Sometimes EQ is more about “sonic sculpture” than anything else
by Craig Anderton
One of the most important aspects of mixing is using EQ to “carve out” a specific frequency range for instruments so they don’t conflict with each other. If instruments have their own sonic space, it’s easier to hear each instrument’s unique contribution, which increases the mix’s clarity.
Dan Gonzalez did a great series for the Cakewalk blog on subtractive EQ, and how cutting frequencies can help create a better a mix; this is more of a complementary article about how I carved out EQ for various instruments in a cover version of the song “Black Market Daydreams” (by UK songwriter Mark Longworth). All the displays are set for +/-6dB.
Choirs: Using a low-shelf response to cut starting at the midrange gives the choir more brightness and “air.” This way it sort of floats over the mix. The same approach works well for ethereal pads, and lets you mix them a little lower to make space for other sounds. Also note that I couldn’t resist throwing a little Gloss in there…
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Guitar power chord: Enabling the high pass and low pass filters creates a broad bandpass in the midrange area where there’s not a lot of energy from the other instruments. The 1kHz peak emphasizes the “meat” of the guitar. This kind of technique can also work with other thick sounds, like large (as opposed to ethereal) pads.
Vocals: The ear is most sensitive in the 3-4kHz range. Giving a slight boost to vocals in this range lets you mix them lower yet have them cut better. You have to be very careful not to boost too much, though, as these frequencies can make vocals harsh.
The following curve is what I used for my voice when close-miking with a dynamic mic. The boost may seem extreme, but my voice is naturally more “mellow” so I need the extra brightness for intelligibility; the sharp low frequency cut minimizes plosives caused by the close-miking, yet retains the warmth from the proximity effect.
Cutting the same frequencies with other instruments can also make the voice stand out better. For example with a singer/songwriter playing acoustic guitar, I’ll often cut the guitar subtly in the 3-4 kHz range when the singer is singing, and boost it when there’s no vocal. You don’t perceive a change because that part of the spectrum has the same energy in both cases. I wouldn’t recommend my vocal curve for everyone, but it works for me.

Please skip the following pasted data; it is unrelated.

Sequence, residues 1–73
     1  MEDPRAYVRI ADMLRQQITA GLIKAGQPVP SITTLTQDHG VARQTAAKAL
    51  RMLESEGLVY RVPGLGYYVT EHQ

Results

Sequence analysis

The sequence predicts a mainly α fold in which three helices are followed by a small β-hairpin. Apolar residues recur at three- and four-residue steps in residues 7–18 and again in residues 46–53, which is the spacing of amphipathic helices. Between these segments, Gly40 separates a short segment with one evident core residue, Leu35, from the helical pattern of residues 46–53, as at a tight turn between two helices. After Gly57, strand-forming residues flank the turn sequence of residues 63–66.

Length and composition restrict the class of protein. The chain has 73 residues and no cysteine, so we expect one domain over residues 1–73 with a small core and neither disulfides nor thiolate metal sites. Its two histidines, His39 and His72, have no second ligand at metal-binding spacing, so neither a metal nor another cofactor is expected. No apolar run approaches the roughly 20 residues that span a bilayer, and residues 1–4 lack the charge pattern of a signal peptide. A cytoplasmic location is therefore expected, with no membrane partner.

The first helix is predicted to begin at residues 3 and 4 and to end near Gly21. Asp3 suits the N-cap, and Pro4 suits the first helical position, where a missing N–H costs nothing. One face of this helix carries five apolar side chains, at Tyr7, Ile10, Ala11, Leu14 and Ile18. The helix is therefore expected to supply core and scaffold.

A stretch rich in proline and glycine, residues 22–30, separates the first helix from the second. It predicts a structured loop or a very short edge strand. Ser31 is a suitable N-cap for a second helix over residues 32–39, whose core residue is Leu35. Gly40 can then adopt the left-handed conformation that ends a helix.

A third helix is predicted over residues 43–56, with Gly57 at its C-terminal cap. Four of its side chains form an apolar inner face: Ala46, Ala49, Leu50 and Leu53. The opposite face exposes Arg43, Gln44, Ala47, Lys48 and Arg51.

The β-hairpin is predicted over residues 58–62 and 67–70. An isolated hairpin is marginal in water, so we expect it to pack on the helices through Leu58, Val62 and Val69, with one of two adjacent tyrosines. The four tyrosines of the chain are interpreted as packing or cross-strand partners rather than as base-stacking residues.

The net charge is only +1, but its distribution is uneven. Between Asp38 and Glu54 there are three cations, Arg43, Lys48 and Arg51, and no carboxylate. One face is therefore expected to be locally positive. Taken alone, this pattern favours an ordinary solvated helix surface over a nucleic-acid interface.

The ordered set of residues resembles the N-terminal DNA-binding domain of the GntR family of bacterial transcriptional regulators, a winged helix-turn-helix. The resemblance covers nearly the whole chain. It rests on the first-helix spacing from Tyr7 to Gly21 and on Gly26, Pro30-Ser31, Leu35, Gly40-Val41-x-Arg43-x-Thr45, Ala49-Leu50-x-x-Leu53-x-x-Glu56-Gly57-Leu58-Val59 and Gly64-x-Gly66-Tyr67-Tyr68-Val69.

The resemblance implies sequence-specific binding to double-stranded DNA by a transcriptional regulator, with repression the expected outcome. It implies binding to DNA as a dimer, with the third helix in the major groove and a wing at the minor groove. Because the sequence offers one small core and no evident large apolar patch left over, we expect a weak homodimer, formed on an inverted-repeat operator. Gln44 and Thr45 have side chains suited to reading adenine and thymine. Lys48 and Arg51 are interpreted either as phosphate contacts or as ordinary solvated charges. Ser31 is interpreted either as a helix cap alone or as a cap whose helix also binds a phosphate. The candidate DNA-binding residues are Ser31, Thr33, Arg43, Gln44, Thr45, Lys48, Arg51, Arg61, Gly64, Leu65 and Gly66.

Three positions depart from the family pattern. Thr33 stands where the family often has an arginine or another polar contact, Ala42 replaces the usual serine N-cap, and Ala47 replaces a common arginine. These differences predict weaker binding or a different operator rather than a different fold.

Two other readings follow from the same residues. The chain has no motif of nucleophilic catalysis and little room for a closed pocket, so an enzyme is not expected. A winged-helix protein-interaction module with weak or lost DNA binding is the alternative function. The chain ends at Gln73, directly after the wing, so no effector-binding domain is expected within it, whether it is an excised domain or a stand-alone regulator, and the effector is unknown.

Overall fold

Acoustic guitar: Some instruments benefit from a shallow, fairly broad parametric cut around 300-400Hz. This is a range where many instruments overlap, and when added together make a “muddy” or “tubby” sound. Cutting the lower mids a bit also makes the highs and lows stand out more. I also do this with some material when mastering to give the overall mix more clarity.
The following screen shot shows EQ for acoustic guitar. In addition to the midrange cut, I’ve boosted the brightness a bit so the level can sit lower in the track, brought up the range around the low E string, and added a sharp low-frequency cutoff to minimize “boom” from the body.
Drums: This was a premixed loop. There’s a bit of a bump to bring out the kick, a shallow dip in the lower mids to tighten the sound, and the snare on these drums had a nice “ring” so the midrange peak brings that out. There’s also a very slight boost to the highs to make the high-hat more prominent. These may appear to be subtle changes, but remember that because this was a premixed loop that they’re affecting every element of the kit—kick, toms, snare, and cymbals.
Bass: In this song, the bass added more of a melodic component then a rhythmic one. The boost may seem excessive, but there’s not a lot of energy from the bass up there, and this amount of boost emphasized the pitch—particularly because in this case, I added some saturation to bring out the melody and give more “growl.”
Also note that timing can make a huge difference in the “bass vs. kick differentiation” issue. Advancing the bass track by a few milliseconds compared to the kick emphasizes the melody and makes the bass seem louder. Delaying the bass track by a few milliseconds compared to the kick emphasizes the rhythm and makes the drums seem louder (even though in both cases, there are no level changes happening).
Those are just a few examples of how to use EQ to juggle the frequency spectrum for various instruments within a mix. Of course every song is different; these examples are specific to a particular song and arrangement. However, the principles are pretty basic—the whole point is to do whatever is necessary so every instrument is contributes to the overall mix instead of fights with it.